While billions of people worldwide have had their lives uprooted and drastically transformed by COVID-19, many societal practices from the pre-pandemic world have continued. Some of these practices are beneficial like getting an education and improving medical knowledge, while others continue to have devastating results on public health and the environment. One of these harmful practices that has not only continued but worsened during the pandemic is deforestation. We have seen deforestation efforts increase globally last year, leading to catastrophic health effects on the environment, climate, people’s everyday lives and pandemic prevention. This practice must be put to an end in order to ensure that people and the planet are safe and healthy.
2020 was a devastating year for forests as global deforestation efforts increased by 12%. The estimated area of woodlands torn down was 10 million square acres — equating to roughly the size of Switzerland or Rhode Island, Delaware, Connecticut and New Jersey combined. The country that included the largest spike in tree removal was Brazil with an increase in deforestation by 85%. The most harmed areas were parts of the Amazon rainforest, which happens to be one of the world’s largest absorbers of carbon dioxide.
The next logical question to ask is why is deforestation increasing? To answer that, we must look at why deforestation occurs at all. There is no sole reason as forests are removed for everything from infrastructure expansion, land-use changes, urbanization and wood extraction. The logging and forest removal industry is estimated to produce between $30 billion and $100 billion each year. The massive profits from this sector cannot be overlooked as they are one of the factors fueling the increases we have seen this past year.
Deforestation’s effect on the environment is vast and incredibly damaging. Removing trees decreases precipitation, which disrupts the water cycle and causes changes to river and stream flows. Water is not only vital for forests but almost every living thing on the planet. A decrease in precipitation could leave species and entire ecosystems without water, forcing them to fend for themselves or migrate. The drop in the amount of water in the ecosystem also allows for potential droughts, which can disrupt ecosystems by reducing food supply. Dry conditions also contribute to an increase in forest fires, as the lack of water makes it easier for flames to catch and spread. Deforestation contributes to soil erosion, as tree roots help anchor the soil, and the trunks and branches help protect it from wind and water. Soil erosion has many negative impacts, from loss of fertile land to worsened flooding, as the ground can no longer absorb floodwaters. Between disrupting the water cycle and eroding the soil, deforestation has countless consequences on the environment.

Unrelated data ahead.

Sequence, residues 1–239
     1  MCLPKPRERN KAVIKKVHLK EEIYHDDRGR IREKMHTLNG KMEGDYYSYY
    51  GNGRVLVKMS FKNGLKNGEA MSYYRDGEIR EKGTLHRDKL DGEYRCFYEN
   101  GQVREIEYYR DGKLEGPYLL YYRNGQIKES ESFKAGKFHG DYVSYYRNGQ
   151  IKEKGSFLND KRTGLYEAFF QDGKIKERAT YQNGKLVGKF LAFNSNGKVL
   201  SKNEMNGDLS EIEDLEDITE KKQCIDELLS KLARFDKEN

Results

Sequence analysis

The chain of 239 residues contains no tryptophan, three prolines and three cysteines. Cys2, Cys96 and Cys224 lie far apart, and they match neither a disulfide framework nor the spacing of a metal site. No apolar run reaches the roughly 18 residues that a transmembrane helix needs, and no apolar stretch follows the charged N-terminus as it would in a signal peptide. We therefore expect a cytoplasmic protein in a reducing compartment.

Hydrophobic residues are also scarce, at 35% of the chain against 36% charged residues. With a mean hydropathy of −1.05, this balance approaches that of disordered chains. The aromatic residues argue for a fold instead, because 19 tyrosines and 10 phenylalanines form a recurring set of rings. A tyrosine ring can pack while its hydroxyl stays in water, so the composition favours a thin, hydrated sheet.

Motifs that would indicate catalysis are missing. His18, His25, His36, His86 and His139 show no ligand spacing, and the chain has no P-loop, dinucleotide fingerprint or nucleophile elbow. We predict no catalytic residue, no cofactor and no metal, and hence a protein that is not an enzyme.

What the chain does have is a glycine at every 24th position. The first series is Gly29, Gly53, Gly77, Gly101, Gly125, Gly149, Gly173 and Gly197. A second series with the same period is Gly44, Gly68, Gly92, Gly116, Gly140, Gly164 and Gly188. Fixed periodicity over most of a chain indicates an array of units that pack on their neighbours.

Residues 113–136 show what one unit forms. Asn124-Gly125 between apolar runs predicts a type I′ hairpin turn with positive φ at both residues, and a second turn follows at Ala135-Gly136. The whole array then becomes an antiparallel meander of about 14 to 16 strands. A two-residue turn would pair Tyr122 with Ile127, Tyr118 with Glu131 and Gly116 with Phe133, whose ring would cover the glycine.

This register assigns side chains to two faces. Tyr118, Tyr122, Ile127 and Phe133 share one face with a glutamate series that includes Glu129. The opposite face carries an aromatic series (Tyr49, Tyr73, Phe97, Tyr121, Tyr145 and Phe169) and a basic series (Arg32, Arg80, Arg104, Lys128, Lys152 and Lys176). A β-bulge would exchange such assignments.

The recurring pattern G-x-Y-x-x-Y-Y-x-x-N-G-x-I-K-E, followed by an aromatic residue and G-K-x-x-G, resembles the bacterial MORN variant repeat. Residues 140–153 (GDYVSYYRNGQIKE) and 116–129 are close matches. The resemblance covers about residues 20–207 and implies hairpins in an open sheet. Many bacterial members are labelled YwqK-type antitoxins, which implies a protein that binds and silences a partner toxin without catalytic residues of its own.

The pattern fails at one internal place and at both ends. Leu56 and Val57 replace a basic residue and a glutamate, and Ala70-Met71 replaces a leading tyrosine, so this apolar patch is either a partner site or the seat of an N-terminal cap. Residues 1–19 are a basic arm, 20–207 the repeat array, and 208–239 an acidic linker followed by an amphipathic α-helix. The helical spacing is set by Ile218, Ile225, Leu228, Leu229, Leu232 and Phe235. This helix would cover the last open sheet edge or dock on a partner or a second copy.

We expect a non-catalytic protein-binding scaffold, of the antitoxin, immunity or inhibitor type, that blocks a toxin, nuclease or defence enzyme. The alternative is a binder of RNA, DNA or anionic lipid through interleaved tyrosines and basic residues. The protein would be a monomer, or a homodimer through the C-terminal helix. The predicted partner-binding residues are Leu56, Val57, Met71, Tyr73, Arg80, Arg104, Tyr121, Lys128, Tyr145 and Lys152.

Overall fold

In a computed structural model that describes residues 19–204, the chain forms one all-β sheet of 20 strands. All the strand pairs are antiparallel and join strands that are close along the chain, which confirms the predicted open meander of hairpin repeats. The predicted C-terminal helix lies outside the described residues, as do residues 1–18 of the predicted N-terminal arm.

Like many of the ways humans interact with our environment, deforestation also contributes to climate change. Not only does clearing forests release carbon dioxide stored in the trees into the atmosphere, but it also eliminates organisms that absorb carbon. The United Nations Food and Agriculture Organization found that deforestation accounted for about 20% of greenhouse gas emissions, making it the second-largest contributor to climate change. Forests, as a whole, absorb 10 million metric tons of carbon dioxide annually, roughly equivalent to the emissions from two million cars. Essentially, deforestation makes global warming worse and adds to climate change on two different levels.
The ramifications of deforestation extend beyond the environment and the climate, as it affects human public health as well. Removing trees and forests directly contributes to an increase in infectious diseases that could potentially turn into epidemics and pandemics. When forests are demolished, animal habitats are destroyed and their natural inhabitants are forced to migrate into new areas. Whether those areas are near humans or just around different animals, germs and diseases are spread and can become outbreaks. Sixty percent of all infectious diseases that affect humans originate in animals.
Moreover, when forests are destroyed, animals are forced to move closer to humans increasing the likelihood of disease spread. This has been observed in Brazil where experts believe that the rise in malaria cases is directly linked to deforestation. Between 2003 and 2015, scientists and researchers found that an increase of 10% in yearly forest loss corresponded with a 3% jump in malaria cases. One year that saw an additional 618 square miles of forests being removed resulted in an extra 10,000 cases of malaria. Clearing forests directly leads to an increase in infectious disease and increases the chances that another pandemic — like the current one — ravages the world.
Aside from the harmful effects of deforestation, forests also offer many benefits to people and public health. One major reason is that forests are home to 300 million people and 80% of terrestrial biodiversity. Another 1.6 billion people depend on forests for their livelihoods and survival. Forests are also huge mitigating factors when it comes to climate change and acts to lessen the future effects. They function to increase clean oxygen levels in the atmosphere as well as moderate global temperatures. Deforestation is a dangerous practice that must cease before even more damage is done to the environment and global health. I urge you to speak for the trees, for they have no tongues and one day you will wish there was something you could have done.
Alex Nobel is an Opinion Columnist and can be reached at firstname.lastname@example.org.